Once you have determined your vision for your effort, identifying a “greatest accomplishment” and goals and objectives should be next.
The “greatest accomplishment” section is short. It could be one line or even one word. What is the single most important communication achievement that your organization or project can achieve?
An example would be for a business or industry is to have changed a particular conversation in its marketplace or introduce a new idea. But name the change or idea. Don’t let it remain nebulous.
If you are successful, what will have occurred very specifically? Make it achievable, but also hard. Contrary to popular belief, “hard” can be quite motivating for a team if they are given sufficient resources and structure. Identify a “holy grail” moment for your team and you will have incentivized the game.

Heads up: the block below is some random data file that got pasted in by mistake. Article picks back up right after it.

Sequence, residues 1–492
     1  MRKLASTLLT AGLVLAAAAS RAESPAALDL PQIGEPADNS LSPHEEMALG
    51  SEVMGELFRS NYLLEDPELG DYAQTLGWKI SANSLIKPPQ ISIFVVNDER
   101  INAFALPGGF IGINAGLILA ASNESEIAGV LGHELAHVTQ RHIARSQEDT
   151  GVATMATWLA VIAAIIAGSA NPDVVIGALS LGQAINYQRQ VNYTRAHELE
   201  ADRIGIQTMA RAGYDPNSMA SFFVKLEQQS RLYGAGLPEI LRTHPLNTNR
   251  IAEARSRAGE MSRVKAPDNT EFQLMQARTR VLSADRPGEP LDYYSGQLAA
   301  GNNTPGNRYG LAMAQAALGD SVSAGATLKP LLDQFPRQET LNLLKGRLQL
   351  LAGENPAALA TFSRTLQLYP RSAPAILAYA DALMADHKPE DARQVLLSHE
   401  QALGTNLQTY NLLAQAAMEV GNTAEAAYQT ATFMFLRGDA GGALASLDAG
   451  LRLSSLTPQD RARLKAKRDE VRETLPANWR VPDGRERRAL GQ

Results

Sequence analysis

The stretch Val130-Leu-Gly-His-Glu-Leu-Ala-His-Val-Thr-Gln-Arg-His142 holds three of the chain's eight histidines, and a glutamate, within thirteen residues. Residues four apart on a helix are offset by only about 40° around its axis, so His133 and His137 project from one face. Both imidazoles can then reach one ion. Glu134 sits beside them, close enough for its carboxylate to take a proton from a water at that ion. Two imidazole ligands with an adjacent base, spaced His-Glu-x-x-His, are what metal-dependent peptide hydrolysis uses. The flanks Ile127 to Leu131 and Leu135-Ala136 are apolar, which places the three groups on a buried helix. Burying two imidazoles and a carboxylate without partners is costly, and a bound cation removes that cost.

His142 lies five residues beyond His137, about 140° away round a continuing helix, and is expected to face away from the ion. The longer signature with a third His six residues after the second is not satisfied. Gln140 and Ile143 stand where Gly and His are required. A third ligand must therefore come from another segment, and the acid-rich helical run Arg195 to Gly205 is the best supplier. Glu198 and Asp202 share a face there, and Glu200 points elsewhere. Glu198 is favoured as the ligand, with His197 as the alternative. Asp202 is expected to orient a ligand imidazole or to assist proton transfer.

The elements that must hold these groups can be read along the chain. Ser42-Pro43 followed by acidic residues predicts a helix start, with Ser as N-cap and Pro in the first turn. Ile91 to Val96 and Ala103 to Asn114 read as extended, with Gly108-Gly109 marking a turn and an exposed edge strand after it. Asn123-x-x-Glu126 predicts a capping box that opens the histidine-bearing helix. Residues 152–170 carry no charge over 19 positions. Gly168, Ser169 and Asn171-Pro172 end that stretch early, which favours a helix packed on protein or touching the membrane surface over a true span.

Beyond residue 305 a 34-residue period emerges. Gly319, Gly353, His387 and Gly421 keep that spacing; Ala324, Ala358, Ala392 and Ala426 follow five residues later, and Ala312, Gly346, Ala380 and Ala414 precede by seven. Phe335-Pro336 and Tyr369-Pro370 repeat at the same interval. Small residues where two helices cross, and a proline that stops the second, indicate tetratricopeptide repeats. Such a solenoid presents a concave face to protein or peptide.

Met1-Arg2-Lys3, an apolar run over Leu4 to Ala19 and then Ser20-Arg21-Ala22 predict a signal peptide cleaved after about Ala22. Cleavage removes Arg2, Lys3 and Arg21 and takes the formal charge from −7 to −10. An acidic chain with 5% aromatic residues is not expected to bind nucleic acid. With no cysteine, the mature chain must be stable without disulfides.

Next, identify at least three goals and objectives.
We define goals as things you reach. They are milestones such as audience numbers, a specific partnership formalized or specific media attention. Again, how will you know you are successful? Where are you now and where do you want to be? How will you know you’ve “arrived?”
Objectives are things you create, such as introducing a new conversation that takes hold in the public discourse or a certain status for your organization. What will be different if you are successful? How will your organization, your industry, a certain audience or your team be changed?
One note: We realize some people have differing definitions of goals and objectives. But these work for us and our programs. As long as your team is on the same page, you’re golden.